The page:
I suppose this would be the correct place for it since it's still Twine 2.0, but I'm curious if there's been any stats systems implemented for SugarCube in conjunction with inventory systems/item use? Particularly for an RPG type game?
I don't mind writing a scripted thing, but it'd be cool to have different options based on stats at the most to choose from.
I was looking at this thread but I can't get the code to work in a test environment. I understand what the code is doing and I could use it, but it's not working in SugarCube 1.x.x
Then clicking the according link, it ups strength to 1. Hopefully I can branch out from this and hopefully this is helpful to anyone else.
eg. In your StoryInit passage you would initialize your $strength variable to zero: ... next in one of your passages you would have something like the following: ... and finally within the Free Weights passage you would have something like:
Additionally, there's nothing wrong with doing each statistic as a separate variable, so what exactly about a few statistics calls out for a Map, specifically I mean? I'm not trying to be antagonistic here. It simply seems like since Maps are pretty much the only data structure Harlowe offers, which would be useful here specifically, you seem to be falling to the notion of Maslow's hammer.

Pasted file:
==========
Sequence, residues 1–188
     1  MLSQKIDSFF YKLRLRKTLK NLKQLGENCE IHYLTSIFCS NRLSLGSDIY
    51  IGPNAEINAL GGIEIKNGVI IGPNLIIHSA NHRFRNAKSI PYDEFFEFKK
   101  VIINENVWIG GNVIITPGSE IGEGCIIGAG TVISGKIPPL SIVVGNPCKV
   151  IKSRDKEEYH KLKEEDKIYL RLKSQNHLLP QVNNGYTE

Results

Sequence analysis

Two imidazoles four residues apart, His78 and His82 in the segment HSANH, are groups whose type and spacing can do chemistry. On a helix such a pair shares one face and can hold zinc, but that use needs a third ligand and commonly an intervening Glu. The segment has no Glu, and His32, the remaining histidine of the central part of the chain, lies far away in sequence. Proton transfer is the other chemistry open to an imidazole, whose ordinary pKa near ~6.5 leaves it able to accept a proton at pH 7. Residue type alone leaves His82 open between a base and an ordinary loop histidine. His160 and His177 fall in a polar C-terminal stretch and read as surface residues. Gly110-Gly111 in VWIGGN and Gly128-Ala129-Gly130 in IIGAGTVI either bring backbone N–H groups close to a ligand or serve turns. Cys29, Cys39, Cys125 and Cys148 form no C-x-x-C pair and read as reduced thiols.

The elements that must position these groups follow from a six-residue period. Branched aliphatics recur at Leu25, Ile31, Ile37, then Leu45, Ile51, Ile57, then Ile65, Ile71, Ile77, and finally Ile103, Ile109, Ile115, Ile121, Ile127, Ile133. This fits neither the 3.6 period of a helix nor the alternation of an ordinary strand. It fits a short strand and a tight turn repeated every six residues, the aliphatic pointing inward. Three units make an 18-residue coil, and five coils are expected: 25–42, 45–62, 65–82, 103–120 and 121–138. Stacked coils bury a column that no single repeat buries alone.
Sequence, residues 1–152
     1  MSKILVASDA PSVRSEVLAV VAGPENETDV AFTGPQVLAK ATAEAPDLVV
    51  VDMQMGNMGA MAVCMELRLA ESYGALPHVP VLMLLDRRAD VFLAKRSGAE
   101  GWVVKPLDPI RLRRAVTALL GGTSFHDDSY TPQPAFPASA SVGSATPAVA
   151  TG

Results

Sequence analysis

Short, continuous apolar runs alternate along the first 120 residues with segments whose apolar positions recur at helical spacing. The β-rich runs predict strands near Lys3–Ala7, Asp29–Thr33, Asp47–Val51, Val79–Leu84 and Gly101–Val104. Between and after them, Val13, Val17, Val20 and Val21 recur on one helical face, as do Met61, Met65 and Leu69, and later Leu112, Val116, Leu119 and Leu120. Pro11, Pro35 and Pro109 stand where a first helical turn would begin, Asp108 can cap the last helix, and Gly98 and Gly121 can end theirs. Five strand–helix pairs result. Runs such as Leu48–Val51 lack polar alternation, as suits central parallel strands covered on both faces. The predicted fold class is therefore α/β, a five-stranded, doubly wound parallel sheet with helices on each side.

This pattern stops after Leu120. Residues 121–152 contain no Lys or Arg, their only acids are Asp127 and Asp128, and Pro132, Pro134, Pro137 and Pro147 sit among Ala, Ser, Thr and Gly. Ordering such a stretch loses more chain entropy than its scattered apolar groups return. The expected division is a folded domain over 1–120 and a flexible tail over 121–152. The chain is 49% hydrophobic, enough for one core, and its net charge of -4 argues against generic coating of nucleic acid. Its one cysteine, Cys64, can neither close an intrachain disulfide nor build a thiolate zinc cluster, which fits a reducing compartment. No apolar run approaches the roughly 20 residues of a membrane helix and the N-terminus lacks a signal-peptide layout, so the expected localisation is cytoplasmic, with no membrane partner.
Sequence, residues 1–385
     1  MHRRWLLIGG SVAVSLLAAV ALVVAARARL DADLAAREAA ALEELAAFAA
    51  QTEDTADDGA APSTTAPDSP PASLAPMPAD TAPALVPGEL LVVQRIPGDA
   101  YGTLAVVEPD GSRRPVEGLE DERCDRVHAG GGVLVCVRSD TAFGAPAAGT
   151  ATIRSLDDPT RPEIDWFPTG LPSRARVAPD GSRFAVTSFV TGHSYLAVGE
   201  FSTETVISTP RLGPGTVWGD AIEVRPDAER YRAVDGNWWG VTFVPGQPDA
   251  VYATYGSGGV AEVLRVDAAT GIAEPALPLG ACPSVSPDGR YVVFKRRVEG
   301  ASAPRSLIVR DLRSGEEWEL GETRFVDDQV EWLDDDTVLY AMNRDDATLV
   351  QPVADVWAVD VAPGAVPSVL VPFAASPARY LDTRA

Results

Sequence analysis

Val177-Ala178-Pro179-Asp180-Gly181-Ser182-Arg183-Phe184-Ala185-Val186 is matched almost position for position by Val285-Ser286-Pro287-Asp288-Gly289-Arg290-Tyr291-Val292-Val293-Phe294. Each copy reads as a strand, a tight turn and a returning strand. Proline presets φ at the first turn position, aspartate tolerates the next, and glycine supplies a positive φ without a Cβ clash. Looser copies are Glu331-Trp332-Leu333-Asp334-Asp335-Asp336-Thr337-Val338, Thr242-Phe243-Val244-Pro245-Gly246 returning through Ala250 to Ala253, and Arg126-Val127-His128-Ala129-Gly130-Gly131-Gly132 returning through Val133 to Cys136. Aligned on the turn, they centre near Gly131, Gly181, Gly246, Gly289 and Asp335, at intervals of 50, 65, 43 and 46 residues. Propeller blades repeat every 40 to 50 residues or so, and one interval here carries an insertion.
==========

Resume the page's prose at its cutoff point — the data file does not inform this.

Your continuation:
I'm not saying Maps wouldn't be appropriate here, they would, but they're no more appropriate than using separate variables or other data structures, like generic objects.
I'm also not saying not to use Harlowe. If you like its syntax, then by all means do so. However, it's a bit disingenuous to imply that SugarCube lacks similar capabilities (or, for SugarCube 2.x, the exact same capability, Maps).
At this point in time, unless there's inventory code that I can switch to that works in Harlowe, I have to use SugarCube. The code for SugarCube seems easier to understand anyway @cressidahubris but I'm probably eventually going to move to Harlowe. I just like making RPG-ish stuff, so it made sense for me to start in SugarCube because I needed an inventory system, and I didn't find any working code in Harlowe for that, so, eh. Unless I didn't look hard enough.
Also thanks @greyelf, I thought the code had to be something like that but I was working on it after 5 or so hours and decided that would be fine. I was planning on having it where a person would be able to choose an option, and it would lead to a passage where the str+1 would be on it, and then they would continue on. Or a cha+1 or dex+1, etc, etc.
Also I was having trouble with the bit as well, but this solves it. Thank you!
The choice of which story format to use is a personally one but here are some things to look for when making that choice as a novice.
Having access to well written documentation with examples can be a major benefit to someone learning, they also help more experienced people as well.
b. Macro Syntax:
Flame wars have been started over which programming languages (and that is what the macros are) are easier to use than others, but the simple fact is that some people will find that one syntax makes more sense/feels more comfortable to them than another does and this is normal.
c. List of Available Macros:
It is a good idea to read through a story format's documentation to create a mental overview of the sort of macros that are available.
e. Update Frequency and Access to Story Format's Developer:
How quickly are bugs fixed and new features added? How easy is it to access the Developer to ask questions?